It’s true that I admire most of the spirit, rhetoric and tradition of this University. I never walk on the Block M in the Diag and I would propose under the West Engineering arch at midnight if I could someday. I fully believe providing education of arts, sciences and truth is essential and noble. But some traditions are flawed. For example, one phrase I take issue with comes from the line in our fight song that ends with, “…the Leaders and Best.” It’s a great line, but we as college students aren’t the “leaders and best” yet because we haven’t exercised leadership and excellence in the real world, where it matters most. Even if what we do now already has an impact outside of campus, it doesn’t justify the title of “leaders and best.” What we do now is the bare minimum citizenship requires. The work we do here as students is still valuable but it should not be all that we aspire to accomplish.

I think the pomposity that comes with slogans like “leaders and best” is dangerous. We, especially those of us graduating this year, are walking into a lion’s den of a world. We must address domestic issues like Social Security reform, class conflict and accessibility to health care among dozens of other meticulous, complicated issues. As people of the world, we must deal with bio-terrorism, overpopulation, climate change, water shortage and nuclear arms proliferation, to name only a handful of challenges. These problems don’t have easy fixes. I fear our University of Michigan arrogance distracts us from the treacherous road ahead and how hard it’s really going to be. We have too many challenges ahead to be delusional about our accomplishments, abilities and entitlements.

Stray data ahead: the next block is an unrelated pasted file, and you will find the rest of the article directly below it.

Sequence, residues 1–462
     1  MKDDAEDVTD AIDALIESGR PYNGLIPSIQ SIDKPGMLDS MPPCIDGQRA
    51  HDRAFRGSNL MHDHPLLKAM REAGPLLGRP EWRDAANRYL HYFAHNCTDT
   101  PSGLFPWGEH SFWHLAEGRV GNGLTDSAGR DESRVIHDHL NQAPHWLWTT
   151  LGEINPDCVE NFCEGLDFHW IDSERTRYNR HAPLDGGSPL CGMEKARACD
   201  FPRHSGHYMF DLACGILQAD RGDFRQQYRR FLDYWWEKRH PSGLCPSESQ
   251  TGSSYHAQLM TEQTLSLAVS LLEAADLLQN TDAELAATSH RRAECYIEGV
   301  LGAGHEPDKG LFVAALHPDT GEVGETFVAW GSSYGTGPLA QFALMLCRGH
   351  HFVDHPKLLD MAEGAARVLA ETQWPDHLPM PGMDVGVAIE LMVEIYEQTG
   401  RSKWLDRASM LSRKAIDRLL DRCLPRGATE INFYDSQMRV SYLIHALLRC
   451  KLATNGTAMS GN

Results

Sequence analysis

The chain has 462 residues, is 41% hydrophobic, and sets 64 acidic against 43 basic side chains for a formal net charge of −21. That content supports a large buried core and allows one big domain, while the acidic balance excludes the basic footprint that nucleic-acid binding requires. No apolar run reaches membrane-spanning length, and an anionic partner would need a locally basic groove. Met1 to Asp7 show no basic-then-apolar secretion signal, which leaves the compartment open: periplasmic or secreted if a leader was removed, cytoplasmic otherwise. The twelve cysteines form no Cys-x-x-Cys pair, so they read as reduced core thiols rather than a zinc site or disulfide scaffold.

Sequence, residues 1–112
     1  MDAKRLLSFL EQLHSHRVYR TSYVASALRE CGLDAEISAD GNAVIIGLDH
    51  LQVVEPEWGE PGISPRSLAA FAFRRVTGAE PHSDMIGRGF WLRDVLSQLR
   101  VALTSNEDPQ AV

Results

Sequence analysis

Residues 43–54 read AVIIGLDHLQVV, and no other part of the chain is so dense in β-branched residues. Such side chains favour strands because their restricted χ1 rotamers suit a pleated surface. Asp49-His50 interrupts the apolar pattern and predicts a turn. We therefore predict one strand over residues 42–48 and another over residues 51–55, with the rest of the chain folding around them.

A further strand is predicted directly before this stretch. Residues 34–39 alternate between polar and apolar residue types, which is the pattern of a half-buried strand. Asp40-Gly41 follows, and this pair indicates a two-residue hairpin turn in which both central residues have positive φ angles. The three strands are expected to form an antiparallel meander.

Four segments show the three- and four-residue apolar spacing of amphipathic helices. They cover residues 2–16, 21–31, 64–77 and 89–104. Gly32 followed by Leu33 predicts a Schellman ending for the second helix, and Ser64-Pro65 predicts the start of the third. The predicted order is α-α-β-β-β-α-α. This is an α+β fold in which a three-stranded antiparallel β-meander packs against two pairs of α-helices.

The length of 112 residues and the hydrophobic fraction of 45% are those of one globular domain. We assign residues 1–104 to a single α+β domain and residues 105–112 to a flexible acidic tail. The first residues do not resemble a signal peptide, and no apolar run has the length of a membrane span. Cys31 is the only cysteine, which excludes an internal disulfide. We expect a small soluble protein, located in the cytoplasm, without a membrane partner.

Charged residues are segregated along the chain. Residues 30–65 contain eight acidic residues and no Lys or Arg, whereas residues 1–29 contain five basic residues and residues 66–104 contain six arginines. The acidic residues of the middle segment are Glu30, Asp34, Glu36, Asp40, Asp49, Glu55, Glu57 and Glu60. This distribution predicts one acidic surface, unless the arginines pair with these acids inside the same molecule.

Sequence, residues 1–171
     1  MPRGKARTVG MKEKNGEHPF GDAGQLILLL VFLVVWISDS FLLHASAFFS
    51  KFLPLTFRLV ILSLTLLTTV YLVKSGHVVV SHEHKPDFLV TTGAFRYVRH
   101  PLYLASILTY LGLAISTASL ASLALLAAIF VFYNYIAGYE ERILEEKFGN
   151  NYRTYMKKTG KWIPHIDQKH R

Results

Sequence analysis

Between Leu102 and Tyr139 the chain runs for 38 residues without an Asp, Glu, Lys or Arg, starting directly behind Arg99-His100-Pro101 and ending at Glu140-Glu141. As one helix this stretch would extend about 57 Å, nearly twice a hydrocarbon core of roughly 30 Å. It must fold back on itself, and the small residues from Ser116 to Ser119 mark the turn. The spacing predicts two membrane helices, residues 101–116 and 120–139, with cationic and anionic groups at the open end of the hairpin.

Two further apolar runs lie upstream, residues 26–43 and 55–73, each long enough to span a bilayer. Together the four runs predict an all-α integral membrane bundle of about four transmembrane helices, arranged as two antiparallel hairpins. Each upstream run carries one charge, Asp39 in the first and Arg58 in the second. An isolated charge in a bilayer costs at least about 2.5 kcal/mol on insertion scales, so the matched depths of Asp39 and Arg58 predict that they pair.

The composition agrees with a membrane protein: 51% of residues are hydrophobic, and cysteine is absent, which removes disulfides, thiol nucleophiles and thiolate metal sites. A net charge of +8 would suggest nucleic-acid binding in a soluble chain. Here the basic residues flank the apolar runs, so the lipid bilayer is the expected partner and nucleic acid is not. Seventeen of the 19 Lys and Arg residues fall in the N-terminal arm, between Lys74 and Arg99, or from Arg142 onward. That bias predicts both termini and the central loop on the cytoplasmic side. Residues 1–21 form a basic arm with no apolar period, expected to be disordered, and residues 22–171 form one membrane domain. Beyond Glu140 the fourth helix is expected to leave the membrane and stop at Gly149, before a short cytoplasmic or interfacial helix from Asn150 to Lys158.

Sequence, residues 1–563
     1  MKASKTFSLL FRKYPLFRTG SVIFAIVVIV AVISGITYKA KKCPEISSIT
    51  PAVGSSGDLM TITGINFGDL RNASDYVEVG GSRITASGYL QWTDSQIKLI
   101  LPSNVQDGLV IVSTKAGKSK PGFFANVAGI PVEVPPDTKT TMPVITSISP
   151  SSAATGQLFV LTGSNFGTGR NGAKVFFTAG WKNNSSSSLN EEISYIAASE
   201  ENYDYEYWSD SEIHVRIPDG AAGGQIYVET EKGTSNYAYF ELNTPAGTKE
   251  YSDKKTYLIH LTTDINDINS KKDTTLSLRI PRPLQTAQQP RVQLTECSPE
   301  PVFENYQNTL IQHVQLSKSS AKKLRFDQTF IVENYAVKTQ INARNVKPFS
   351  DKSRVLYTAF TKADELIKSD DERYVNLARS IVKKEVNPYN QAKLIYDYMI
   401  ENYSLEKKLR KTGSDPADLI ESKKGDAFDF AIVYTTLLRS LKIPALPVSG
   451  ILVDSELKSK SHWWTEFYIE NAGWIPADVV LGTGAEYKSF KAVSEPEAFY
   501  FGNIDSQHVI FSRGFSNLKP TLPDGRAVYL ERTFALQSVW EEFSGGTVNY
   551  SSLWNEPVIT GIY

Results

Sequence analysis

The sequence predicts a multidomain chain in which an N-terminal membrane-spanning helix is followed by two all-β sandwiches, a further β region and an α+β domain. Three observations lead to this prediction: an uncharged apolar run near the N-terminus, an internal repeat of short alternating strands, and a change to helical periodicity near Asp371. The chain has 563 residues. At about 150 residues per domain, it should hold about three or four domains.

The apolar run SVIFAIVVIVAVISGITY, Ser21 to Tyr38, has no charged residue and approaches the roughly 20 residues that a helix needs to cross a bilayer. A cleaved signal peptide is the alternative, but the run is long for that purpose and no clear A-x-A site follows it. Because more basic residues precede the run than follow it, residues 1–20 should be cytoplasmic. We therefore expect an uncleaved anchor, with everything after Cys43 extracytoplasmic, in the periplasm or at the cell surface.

Our generation already has a bad rap. We’re narcissistic. We insist on having things our way and struggle with taking criticism in stride. We lack professionalism and the ability to follow through when problem solving. We feel entitled to anything we may want when we don’t necessarily deserve it.

But at the same time, our generation has amazing qualities. We’re tremendously capable, curious and technologically savvy. We’re able to work in diverse groups of people like no generation before us. We’re ambitious and we also volunteer a lot. We care about the world around us and want to make this planet a better place in any way we can. Nobody can tell us we aren’t fired up, because we are.

We have a befuddling situation before us. We have the opportunity to be one of the greatest generations, and I believe we can face our challenges and live up to our aspirations of a better society. We’ll have to rally together and overcome our differences while still taking advantage of our diverse perspectives and talents. We’ll need to have long, arduous, frustrating conversations with each other to figure out the best courses of action. We’ll each have a role to play, one no more important than any other.

As University students, let’s focus on earning our maize and blue colors. Before we start calling ourselves the leaders and best, let’s have an unbreakable will to overcome the challenges we face. Let’s be brave enough to believe in what is right, courageous enough to commit to what is right and unselfish enough to do what is right. If we advance the public good, there is no doubt that we will become the leaders and best.

Neil Tambe can be reached at

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